Dictionary of National Biography, 1885-1900/Constable, Robert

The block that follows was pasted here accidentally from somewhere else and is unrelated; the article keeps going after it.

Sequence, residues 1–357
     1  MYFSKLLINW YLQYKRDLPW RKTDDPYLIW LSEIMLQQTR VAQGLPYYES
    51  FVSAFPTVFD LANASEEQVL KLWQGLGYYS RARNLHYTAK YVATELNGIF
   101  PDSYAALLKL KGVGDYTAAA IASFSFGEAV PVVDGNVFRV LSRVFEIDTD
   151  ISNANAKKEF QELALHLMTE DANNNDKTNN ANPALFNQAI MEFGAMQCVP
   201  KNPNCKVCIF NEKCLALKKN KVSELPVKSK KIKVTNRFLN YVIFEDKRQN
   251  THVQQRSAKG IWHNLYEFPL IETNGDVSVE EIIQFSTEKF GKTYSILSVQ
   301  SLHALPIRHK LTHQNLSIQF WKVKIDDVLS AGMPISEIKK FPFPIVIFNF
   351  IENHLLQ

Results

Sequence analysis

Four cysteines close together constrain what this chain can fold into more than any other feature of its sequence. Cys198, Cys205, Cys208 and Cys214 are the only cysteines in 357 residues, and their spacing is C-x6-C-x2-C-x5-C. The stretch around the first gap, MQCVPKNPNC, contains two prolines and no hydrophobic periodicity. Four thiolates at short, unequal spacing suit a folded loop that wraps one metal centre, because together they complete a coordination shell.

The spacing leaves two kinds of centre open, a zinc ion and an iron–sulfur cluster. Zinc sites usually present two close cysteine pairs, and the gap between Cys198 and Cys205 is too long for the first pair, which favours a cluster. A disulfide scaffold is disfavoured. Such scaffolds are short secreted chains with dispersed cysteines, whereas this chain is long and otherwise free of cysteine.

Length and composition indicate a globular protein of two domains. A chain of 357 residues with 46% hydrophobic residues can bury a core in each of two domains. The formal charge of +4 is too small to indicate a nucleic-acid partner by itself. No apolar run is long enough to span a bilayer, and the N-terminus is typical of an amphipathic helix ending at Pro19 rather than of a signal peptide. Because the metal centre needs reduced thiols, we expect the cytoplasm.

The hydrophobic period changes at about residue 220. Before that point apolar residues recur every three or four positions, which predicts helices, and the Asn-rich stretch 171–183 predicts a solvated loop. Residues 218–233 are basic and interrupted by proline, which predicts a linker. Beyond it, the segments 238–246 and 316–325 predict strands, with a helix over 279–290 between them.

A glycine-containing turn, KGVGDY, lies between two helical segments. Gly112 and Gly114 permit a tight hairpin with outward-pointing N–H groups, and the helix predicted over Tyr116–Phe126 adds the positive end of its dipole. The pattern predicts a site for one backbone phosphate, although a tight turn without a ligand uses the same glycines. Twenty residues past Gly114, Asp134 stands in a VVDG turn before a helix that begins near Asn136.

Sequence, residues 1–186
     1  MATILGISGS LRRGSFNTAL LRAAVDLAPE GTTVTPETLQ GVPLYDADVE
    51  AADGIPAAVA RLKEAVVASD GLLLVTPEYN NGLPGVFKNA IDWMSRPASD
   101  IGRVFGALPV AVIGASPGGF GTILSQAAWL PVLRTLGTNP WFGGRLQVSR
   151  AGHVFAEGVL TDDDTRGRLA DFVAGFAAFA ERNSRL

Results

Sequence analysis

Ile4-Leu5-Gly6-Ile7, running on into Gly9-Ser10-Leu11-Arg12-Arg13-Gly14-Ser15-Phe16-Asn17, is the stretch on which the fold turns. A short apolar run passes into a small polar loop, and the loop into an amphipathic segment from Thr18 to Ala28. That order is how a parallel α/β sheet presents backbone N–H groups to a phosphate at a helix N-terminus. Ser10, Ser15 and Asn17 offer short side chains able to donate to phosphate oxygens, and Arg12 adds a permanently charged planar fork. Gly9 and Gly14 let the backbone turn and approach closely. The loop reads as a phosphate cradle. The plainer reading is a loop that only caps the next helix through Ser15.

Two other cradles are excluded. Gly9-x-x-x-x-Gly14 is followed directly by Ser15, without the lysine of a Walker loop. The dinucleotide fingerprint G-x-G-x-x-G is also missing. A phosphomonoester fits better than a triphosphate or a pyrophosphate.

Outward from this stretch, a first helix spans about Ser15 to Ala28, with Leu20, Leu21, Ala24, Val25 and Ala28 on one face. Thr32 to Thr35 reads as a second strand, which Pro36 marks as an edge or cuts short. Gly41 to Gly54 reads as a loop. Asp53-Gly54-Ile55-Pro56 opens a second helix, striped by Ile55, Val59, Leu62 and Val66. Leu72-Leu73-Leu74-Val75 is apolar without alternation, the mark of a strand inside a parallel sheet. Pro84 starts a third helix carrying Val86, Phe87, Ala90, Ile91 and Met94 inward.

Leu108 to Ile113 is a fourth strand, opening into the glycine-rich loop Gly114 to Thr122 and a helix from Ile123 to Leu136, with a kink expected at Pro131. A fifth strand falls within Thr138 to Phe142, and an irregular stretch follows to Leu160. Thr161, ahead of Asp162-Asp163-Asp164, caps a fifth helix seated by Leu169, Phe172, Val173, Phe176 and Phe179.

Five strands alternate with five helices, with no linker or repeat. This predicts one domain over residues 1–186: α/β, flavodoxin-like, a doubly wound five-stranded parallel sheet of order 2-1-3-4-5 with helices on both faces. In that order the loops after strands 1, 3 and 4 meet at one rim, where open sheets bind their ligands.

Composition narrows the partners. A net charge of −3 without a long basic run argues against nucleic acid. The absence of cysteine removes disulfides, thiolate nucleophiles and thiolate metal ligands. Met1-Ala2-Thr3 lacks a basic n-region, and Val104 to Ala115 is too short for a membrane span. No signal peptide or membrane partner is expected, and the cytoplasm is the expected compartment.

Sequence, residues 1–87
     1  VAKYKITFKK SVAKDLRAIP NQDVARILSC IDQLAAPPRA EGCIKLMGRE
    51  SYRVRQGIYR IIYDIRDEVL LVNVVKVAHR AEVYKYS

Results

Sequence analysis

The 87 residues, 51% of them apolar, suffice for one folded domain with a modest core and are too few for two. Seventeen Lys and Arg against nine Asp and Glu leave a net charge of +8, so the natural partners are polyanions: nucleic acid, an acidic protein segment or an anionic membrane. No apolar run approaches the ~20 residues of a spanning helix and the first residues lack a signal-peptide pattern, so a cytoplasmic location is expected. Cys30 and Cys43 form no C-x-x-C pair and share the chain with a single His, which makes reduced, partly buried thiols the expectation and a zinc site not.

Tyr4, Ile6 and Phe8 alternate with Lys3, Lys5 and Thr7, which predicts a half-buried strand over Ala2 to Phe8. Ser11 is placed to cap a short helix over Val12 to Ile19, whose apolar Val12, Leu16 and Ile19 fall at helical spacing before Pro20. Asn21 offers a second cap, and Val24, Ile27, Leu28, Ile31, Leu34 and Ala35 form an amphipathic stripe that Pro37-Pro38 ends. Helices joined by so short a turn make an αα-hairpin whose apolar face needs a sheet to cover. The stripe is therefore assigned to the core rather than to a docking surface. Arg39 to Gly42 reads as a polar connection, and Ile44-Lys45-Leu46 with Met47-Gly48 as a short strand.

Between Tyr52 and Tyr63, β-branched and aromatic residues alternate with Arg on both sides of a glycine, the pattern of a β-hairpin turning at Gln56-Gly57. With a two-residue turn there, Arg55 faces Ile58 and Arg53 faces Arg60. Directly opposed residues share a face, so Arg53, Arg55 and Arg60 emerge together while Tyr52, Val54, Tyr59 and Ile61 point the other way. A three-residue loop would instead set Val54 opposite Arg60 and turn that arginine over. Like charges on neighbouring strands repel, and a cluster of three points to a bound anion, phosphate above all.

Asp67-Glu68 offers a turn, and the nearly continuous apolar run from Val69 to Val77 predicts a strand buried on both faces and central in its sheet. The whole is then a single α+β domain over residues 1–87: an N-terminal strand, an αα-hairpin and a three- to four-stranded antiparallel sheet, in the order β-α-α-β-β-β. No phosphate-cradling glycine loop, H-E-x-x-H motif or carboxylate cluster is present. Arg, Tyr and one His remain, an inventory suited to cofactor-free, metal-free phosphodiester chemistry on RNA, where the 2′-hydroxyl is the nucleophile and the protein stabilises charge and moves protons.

CONSTABLE, Sir ROBERT (1478?–1537), one of the leaders of the Pilgrimage of Grace, born about 1478, was eldest son of Sir Marmaduke Constable (1455?-1518) [q. v.] of Flamborough. In his youth he carried off a ward of chancery, and tried to marry her to one of his retainers (Froude, iii. 166). In the reign of Henry VII he was of signal service to the crown upon the commotion of Lord Audley and the Cornishmen, who marched on London and were defeated at Blackheath in 1497. Constable was one of the knights bannerets that were created at Blackheath by the king after his victory (Bacon, Henry VII). In the following reign, on the outbreak of the great Yorkshire rising, known as the Pilgrimage of Grace, caused by the beginning of the destruction of monasteries in 1536, he took the leading part, along with Aske the cagtain and Lord Darcy. He was with the rebellious host on their entry into York; and after their advance on Pontefract, which became their head quarters, he was among those who received the royal herald with extreme haughtiness (State Papers, i. 486). He then threw himself into Hull, and urged that the most resolute measures should be taken; that negotiation should be refused until they were strong enough to defend themselves, that the whole country northward from the Trent should be closed, and the rising of Lancashire and Cheshire expected. If this counsel had been followed, the revolt would have been more serious. But the advance on Doncaster followed, and the fatal parley there with the king's forces, and Constable was among those who afterwards rode over the bridge, took off their badges, made their submission, and received their Ipardon. At the beginning of the next year, January' 1537, when Sir Bigod [q.v.] rashly attempted to renew the insurrection, Constable exerted himself to keep the country quiet (see his letter to the commons, Froude, iii. 196). When this last commotion was over, he, like the other leaders, was invited by the king to proceed to London. This he refused, and at the same time removed for safety from his usual place of abode to a dwel1in_ thirty miles away. Hereupon the powerful minister Thomas Cromwell caused the Duke of Norfolk, the king’s general in the north, to send him up with a sergeant-at-arms on 3 March (Hardwick, i. 38). He with Aske and Darcy was committed to the Tower till they should be tried, and meantime Norfolk was directed to say in the north that they were imprisoned, not for their former offences, but for treasons committed since their pardon. What those treasons were the duke was conveniently forbidden to say. There was ‘no speciality to be touched or spoken of,’ but all 'conveyed in a mass together' (ib. i. 457). True bills were returned against them, and after their condemnation it seemed to the king 'not amiss' that some of them should be remitted to their county for execution, 'as well for example as to see who would groan' (State Papers, i. 666). Constable and Aske were therefore sent down to Yorkshire, exhibited as traitors in the towns through which they passed, and Constable was hanged in chains at Hull in June. He married Jane, daughter of Sir William Ingloby, by whom he had eight children (Foster, Yorkshire Pedigrees).
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